Monday January 10, 2011
Malacca axes SFI relocation proposal
By MARTIN CARVALHO email@example.com
MALACCA: The state government has shelved a proposal to relocate the 131-year-old St Francis Institution, currently sitting within the Unesco World Heritage site, to Pulau Melaka.
This follows a deluge of requests on Facebook to allow the school to stay put at its current site.
Former Franciscans had campaigned against the idea of relocation on a Facebook page, We Dont Want St Francis Institution To Be Relocated, which garnered 1,000 responses in five days.
Status quo: The 131-year-old St Francis Institution will remain at its present location.
“I was surprised at the swift and overwhelming response from the school’s former students and the public,” said Chief Minister Datuk Seri Mohd Ali Rustam, who has agreed to overturn the earlier decision.
“I thank them for voicing their thoughts,” he told The Star, when contacted while on transit in Dubai on his way to attend the 39th World Boy Scouts Conference in Brazil.
“I understand that over 90% of them disagree with plans to relocate the school. So, the school can stay put,” he said.
On Wednesday, Mohd Ali said the state government would consider offering land to SFI and another school, SK Banda Hilir, on Pulau Melaka, touted as Malaysia’s first Twin Island City Centre.
The waterfront development project involves the reclamation of two islands, approximately 0.5km off the coast of Malacca new town centre.
The reclamation of the first island and construction of a 30m bridge linking it to the mainland has been completed.
The chief minister’s statement caused a furore among former SFI students, who launched their Facebook campaign to get feedback on the issue.
The issue of relocating the school, which has over 1,200 students, was first mooted in the early 1990s, following plans to convert the area and nearby St Paul’s Hill to a tourist hub. It was deferred following protests by former students.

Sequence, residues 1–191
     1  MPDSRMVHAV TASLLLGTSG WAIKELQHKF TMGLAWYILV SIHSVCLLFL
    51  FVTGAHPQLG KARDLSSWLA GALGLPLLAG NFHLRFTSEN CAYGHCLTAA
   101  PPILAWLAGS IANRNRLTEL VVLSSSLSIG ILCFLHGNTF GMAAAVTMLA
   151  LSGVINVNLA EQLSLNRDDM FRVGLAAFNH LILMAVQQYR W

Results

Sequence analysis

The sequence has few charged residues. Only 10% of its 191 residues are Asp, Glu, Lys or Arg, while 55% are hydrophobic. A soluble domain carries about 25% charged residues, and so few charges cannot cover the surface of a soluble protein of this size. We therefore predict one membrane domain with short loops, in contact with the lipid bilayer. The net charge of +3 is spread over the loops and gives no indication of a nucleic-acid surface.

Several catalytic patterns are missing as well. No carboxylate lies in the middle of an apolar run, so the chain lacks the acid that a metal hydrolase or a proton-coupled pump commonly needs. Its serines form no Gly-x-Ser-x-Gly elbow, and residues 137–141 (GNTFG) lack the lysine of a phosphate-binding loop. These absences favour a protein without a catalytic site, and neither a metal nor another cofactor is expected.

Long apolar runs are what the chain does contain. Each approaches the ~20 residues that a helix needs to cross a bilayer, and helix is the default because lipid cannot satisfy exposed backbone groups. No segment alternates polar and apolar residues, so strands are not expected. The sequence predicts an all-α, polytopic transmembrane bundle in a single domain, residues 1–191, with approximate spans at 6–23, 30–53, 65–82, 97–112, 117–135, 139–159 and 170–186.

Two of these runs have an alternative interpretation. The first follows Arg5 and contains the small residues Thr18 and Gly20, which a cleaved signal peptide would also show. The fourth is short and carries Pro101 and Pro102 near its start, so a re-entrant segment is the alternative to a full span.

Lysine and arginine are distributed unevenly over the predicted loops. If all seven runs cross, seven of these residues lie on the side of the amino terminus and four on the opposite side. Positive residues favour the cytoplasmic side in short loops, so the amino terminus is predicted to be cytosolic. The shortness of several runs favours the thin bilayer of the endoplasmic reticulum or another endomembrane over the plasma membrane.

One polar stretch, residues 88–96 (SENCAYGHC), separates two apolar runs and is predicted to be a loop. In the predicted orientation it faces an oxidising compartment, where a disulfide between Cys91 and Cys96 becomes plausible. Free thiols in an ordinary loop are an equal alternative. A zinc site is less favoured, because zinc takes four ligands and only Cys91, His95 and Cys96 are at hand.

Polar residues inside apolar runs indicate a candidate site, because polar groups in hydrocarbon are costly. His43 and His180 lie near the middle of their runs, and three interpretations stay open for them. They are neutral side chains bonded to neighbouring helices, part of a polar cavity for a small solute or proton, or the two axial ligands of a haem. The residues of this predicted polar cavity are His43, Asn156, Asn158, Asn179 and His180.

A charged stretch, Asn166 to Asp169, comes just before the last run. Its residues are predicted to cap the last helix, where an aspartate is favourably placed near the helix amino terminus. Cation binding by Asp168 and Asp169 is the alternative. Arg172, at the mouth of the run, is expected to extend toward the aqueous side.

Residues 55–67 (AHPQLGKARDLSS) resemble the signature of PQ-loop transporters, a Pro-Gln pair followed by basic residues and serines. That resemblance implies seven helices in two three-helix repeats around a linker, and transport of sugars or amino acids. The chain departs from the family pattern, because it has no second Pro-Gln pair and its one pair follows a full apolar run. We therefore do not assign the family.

Mohd Ali said the suggestion was meant to preserve the school building as an education museum, which will now be set up on Pulau Melaka instead.
Responding to the change of heart by the state government, SFI director Rev Bro Ambrose Loke said he was happy with the decision.
“I am glad the state has accepted the views of the former students and the public,” he said.
SFI Old Boys’ Association president Ong Eng Khiam said he was also happy.
“There is no need to turn SFI into a museum as it is already a living museum, with a rich legacy and is a tourist landmark,” he said.
Webmaster: I hope this decision covers SK Bandar Hilir (better known as BHES) as well. BHES is about 103 years old and we want a living school, not a museum devoid of the pupils. History is not about buildings and artifacts but buildings with people. The schools are where different generations of pupils have passed through their gates and nurtured by dedicated teachers.
We do not want these schools to be re-located in Melaka. In KL, famous schools such as Bukit Bintang Girls' School and St. Mary's were re-located because they sit on invaluable land in KL. These schools were there before development and they were part of the landscape of the city.